Vermont chose medication history as its first RHIO project—but those involved aren't calling it a RHIO. "We feel there's no way to define that term accurately," says Andrea Lott, CIO of Northeastern Vermont Regional Medical Center and a member of Vermont Informational Technology Leaders (VITL), Montpelier, Vt., a not-for-profit public-private partnership. "We are calling this a health information exchange, and it's the one designated for the state."
VITL's first pilot project is already running in the emergency departments of two local hospitals. It delivers patient medication lists within seconds of the patient's arrival—even if the patient has never visited that hospital before.
Medication data is available on 75 percent of the patients visiting the emergency department due to the cooperation of major payers like Blue Cross Blue Shield of Vermont, MVP Healthcare, and the Vermont Medicaid program. This allows the hospital to access real-time claims data for prescriptions filled anywhere in the state for a more complete patient medication history, enabling increased patient safety, reduced drug interactions, and faster treatment for the patient, according to those involved with the project.
Patients arriving at the emergency department are asked by triage nurses for permission to access their electronic medication history. Almost all choose to opt in. Easy and rapid access to the Web-based medication history is key in the fast-paced emergency room, and the request for the medication history is made in a few keystrokes. "If it was more than three keystrokes, we don't think it would have been successful," says Lott. "We chose this as an early win."
VITL had a standards and architecture committee that evaluated many projects. But the Vermont doctors and nurses cited medication history as their pain point. "This was clinically driven," says Lott. "They were the ones that said medication history would be the biggest bang for the buck and, technically, it was one of the easiest for us to do."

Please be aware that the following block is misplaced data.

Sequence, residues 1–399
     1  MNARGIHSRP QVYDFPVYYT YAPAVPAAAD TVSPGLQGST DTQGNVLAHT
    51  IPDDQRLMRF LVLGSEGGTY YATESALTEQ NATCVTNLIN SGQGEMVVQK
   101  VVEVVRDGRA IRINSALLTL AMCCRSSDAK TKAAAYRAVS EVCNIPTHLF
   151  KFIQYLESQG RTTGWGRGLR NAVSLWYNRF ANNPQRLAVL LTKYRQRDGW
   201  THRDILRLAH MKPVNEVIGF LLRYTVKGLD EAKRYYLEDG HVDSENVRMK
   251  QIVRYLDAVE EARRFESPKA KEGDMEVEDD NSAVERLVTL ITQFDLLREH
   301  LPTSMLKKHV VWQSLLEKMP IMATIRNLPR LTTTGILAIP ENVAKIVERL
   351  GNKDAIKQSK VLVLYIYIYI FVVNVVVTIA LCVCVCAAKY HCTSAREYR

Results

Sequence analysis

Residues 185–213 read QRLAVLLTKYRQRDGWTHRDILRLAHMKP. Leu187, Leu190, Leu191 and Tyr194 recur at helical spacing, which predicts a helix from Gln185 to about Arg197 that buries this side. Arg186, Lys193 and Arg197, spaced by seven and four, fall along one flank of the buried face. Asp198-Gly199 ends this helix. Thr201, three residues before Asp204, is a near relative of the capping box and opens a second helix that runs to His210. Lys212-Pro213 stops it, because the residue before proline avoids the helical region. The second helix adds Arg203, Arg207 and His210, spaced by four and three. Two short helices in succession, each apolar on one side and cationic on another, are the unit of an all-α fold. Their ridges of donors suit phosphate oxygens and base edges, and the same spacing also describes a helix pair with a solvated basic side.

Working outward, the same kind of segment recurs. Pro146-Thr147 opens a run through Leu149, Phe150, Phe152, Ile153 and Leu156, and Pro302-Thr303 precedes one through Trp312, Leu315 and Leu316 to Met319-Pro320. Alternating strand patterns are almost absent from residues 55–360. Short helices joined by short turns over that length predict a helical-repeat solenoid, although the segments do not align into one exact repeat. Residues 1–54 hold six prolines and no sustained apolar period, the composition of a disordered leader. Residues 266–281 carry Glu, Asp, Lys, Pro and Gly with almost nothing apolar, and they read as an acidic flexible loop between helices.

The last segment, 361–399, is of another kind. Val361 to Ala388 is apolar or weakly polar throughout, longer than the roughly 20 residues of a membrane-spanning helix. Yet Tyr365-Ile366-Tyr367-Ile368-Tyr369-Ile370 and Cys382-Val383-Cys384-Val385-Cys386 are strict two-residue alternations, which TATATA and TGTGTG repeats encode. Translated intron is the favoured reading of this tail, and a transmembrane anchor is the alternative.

GE Healthcare, South Burlington, Vt., developed the service for VITL and provides maintenance and support for the hospitals. "We already had an HL7 ADT interface from Meditech (Westwood, Mass.) that we were using for our PACS," says Lott. "All that GE required for the query was the five ID data elements and, of course, whether the patient opts in."
Data from prescriptions filled at pharmacies is provided by pharmacy benefit managers including RESTAT, West Bend, Wis., and MedMetrics, Worcester, Mass. RxHub, LLC, based in St. Paul, Minn., electronically routes the up-to-date patient-specific medication history and pharmacy benefit information to the caregivers. The cooperation between various stakeholders—payers, practitioners, hospitals, vendors and state agencies—made the process effective, according to those involved.
Rutland Regional Medical Center and Northeastern Vermont Regional Hospital in St. Johnsbury are the first two hospitals in Vermont to implement the new electronic medication history service in their emergency departments. The service will be rolled out to other hospitals in the state over the next year—whether or not they have an EMR (the medication reconciliation can be printed.) VITL does expect to hook up with other RHIOs in the country.
"We thought it would be an early win and prove to the legislature that this model can work—and we'd be benefiting our customers at the same time," says Lott. "It's absolutely made a difference to many of our patients already. It seemed like an easy win for everybody and it has turned out to be."
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